|A COUNTRYBUS REMINISCENCE
SHAMROCK & RAMBLER COACHES
As older readers may remember them
. . .
Shamrock & Rambler name and colours were used in recent years
of Holton Heath near Poole in Dorset the true origins
are from the long established Bournemouth coach operator of that
name. William Whitelock founded "Shamrock" in 1885, horse drawn
carriages of course
to start with. Motors arrived on the eve of the first world war
1913. Another established business was "Bournemouth Rambler"
whose partners were A Ransom and H Monckton. These two businesses
merged in April 1924 to give the well known name of Shamrock &
Rambler, forming a limited company. Rambler brought their main
road operating base at 77 Holdenhurst Road into the new company, from
where a continuing rich and varied programme of day and half day
tours and excursions operated throughout the area. Five years
later in 1929
Keith & Boyle's "Orange
Luxury Coaches" of Brixton, London, acquired the controlling interest
Bournemouth firm, when F Boyle Monkman and E Keith Davies joined the
board. This led to S&R adopting the orange (and cream)
in the new owner's name. At this time a Bournemouth - London
was introduced; this continued for nearly forty years. S&R
was then but one of several firms competing with
Elliott's Royal Blue on the London route, Royal Blue not having
dominance of express services that it would establish in later
years. In 1938 Keith & Boyle Ltd were taken over by the Chepstow
based Red & White (United Transport) group, but still continued to
Coaching activities were expanded to also include operation from a Southampton base, and life went busily on in the coaching business through the 1930s. The fleet size had reached 29 vehicles in 1934, of which 20 were Daimler CF6 (five seating 20 and fifteen seating 26) and 6 AEC Regal 32-seaters. The second world war brought its own demands for transport of workmen and military personnel. Post-war peacetime returned bringing with it the reintroduction of tours and excursions. In February 1950 the buses of the parent Red & White group were nationalised. Subsequently the Orange Luxury / Shamrock & Rambler business was to pass into joint management by George Ewer of Stamford Hill, London, and United Transport Services in 1952 (which was the "rump" of the former Red & White group, formed to manage the remaining and overseas interests). Ewer obtained control of Orange Luxury in 1953, but this long-established company remained as a subsidiary of the main Ewer company until finally wound up in December 1975. Orange Luxury vehicles had the privilege of carrying the royal crest, being suppliers of coaches to the royal household.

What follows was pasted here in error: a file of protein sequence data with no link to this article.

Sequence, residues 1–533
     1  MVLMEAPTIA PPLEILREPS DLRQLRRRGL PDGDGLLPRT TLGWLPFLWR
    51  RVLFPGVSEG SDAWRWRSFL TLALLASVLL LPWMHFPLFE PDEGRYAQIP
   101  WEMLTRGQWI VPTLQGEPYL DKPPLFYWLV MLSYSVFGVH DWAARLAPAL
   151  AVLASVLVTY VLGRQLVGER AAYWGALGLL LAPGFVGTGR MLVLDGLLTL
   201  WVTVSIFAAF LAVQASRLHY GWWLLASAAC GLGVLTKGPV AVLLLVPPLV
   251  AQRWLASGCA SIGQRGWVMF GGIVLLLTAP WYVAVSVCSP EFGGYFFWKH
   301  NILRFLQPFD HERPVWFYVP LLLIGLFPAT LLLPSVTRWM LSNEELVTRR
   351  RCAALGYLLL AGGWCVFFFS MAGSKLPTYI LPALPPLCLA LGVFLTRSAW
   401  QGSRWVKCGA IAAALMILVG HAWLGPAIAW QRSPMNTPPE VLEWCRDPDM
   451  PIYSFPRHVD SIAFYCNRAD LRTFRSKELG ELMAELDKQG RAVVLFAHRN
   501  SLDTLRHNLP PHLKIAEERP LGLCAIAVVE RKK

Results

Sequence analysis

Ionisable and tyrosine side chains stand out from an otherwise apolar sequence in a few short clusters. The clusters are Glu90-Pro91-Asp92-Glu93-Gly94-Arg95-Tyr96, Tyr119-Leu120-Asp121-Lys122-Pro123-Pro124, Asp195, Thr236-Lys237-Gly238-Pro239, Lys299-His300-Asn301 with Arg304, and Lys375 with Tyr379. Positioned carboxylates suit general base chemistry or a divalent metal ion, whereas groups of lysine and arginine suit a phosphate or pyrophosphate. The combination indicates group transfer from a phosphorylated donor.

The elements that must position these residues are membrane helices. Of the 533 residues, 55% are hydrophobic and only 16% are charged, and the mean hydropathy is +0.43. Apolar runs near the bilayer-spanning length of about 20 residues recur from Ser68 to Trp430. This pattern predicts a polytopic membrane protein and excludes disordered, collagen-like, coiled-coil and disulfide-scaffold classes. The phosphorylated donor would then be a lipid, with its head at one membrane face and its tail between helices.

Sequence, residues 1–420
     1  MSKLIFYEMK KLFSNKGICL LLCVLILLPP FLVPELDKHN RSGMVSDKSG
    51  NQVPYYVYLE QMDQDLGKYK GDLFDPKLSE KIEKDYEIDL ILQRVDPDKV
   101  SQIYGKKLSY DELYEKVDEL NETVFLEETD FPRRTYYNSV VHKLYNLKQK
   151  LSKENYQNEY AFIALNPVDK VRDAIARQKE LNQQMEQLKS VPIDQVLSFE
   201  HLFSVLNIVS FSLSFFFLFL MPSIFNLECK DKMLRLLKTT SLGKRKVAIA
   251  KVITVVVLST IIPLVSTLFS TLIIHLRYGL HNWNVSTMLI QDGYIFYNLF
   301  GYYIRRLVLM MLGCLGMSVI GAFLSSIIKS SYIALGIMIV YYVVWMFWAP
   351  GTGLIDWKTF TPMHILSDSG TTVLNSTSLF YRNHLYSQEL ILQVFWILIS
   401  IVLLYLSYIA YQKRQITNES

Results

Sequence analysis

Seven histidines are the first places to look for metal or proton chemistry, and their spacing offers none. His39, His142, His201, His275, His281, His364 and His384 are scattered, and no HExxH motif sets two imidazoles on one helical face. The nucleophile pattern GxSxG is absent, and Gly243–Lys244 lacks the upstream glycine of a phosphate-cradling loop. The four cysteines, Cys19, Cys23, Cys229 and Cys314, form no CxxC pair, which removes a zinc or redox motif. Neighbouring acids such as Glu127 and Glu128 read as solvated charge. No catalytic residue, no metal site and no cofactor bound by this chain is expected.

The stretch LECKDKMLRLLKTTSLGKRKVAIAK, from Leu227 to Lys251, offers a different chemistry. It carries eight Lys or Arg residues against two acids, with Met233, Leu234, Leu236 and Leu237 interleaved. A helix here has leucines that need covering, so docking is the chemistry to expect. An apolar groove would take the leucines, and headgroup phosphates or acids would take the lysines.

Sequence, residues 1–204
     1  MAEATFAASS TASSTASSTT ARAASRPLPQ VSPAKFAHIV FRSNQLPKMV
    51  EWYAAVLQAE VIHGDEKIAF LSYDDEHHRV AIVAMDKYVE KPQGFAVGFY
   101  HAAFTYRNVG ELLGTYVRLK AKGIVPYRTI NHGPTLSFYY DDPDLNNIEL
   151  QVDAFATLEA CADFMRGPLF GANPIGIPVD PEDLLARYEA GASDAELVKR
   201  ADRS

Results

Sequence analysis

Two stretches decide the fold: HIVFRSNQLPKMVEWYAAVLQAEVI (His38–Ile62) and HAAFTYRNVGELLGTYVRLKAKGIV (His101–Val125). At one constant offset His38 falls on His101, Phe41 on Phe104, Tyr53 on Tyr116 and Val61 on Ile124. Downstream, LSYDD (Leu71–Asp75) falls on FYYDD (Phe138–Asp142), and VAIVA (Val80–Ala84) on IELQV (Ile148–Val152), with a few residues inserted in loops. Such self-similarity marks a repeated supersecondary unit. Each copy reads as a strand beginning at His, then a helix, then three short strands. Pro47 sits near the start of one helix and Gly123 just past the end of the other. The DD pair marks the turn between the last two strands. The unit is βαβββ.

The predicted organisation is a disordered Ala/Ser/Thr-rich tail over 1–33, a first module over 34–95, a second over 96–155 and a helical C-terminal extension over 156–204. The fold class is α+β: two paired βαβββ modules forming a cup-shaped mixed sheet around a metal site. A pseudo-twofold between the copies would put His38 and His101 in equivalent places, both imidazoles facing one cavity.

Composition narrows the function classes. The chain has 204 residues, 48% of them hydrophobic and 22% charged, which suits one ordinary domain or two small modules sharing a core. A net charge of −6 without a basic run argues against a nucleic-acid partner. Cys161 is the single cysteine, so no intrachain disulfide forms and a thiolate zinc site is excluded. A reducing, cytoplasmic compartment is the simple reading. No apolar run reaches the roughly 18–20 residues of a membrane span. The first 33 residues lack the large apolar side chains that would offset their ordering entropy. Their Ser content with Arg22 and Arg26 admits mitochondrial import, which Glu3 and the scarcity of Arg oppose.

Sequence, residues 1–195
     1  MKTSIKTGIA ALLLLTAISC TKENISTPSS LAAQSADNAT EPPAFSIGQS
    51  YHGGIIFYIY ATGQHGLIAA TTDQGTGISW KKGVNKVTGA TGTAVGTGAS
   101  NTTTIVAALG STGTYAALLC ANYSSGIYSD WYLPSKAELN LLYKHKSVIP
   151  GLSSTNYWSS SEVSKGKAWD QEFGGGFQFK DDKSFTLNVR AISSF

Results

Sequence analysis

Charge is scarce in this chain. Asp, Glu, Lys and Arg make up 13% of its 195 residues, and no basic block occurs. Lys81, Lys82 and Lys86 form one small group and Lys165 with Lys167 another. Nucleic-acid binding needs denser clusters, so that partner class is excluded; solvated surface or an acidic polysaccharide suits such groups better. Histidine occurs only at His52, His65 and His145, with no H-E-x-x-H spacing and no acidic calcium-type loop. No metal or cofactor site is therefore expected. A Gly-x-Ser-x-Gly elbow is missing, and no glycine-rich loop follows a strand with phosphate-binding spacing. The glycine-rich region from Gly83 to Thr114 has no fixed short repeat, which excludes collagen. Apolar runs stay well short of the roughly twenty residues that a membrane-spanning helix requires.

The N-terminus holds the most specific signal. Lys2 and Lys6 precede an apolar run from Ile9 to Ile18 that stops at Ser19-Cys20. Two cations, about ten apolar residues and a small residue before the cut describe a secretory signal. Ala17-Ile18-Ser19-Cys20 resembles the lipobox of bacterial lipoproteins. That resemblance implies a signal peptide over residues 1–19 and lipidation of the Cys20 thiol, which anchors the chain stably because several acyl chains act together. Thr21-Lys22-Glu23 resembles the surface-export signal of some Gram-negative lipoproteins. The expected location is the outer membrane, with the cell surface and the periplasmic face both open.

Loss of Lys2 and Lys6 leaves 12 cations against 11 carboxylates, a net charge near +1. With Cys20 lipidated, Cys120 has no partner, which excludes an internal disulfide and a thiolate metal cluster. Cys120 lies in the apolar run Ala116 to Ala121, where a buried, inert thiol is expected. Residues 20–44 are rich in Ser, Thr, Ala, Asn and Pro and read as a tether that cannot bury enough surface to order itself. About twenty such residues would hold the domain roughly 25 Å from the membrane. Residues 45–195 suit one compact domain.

During the period 1951 to 1963 several vehicles were owned and operated for contract work by the original S&R directors Ransom and Whitelock, trading as SMP Screw Machine Products. The office address was given as 10 Boscombe Cliff Road in Bournemouth but the vehicles operated primarily in the High Wycombe and Marlow areas to support the SMP factory at Bourne End in Buckinghamshire. Coaches came second hand from either S&R Bournemouth or Brighton Motor Conveyances, and all the SMP vehicles were Bedfords (WTB / OB / SB).
Like S&R, Brighton Motor Conveyances was another wholly owned subsidiary of Keith & Boyle (London) Ltd whose main business was the Orange Luxury Coaches range of express services from London. The Orange business included six or so express Journeys between London and Brighton and also provided for a 9 a.m. departure from Brighton with an evening return from London. In Brighton their coach station was the Aquarium Garage, an imposing building on the sea front. Whilst BMC had one or two coaches based in Brighton for use on excursions they also employed coaches from London during their long lay-overs for excursions. Southdown bought the BMC business from Keith & Boyle and took over on 19th March 1963, the value being in gaining extra local authority plates and more front positions on rota for the coach rank just east of the Palace Pier.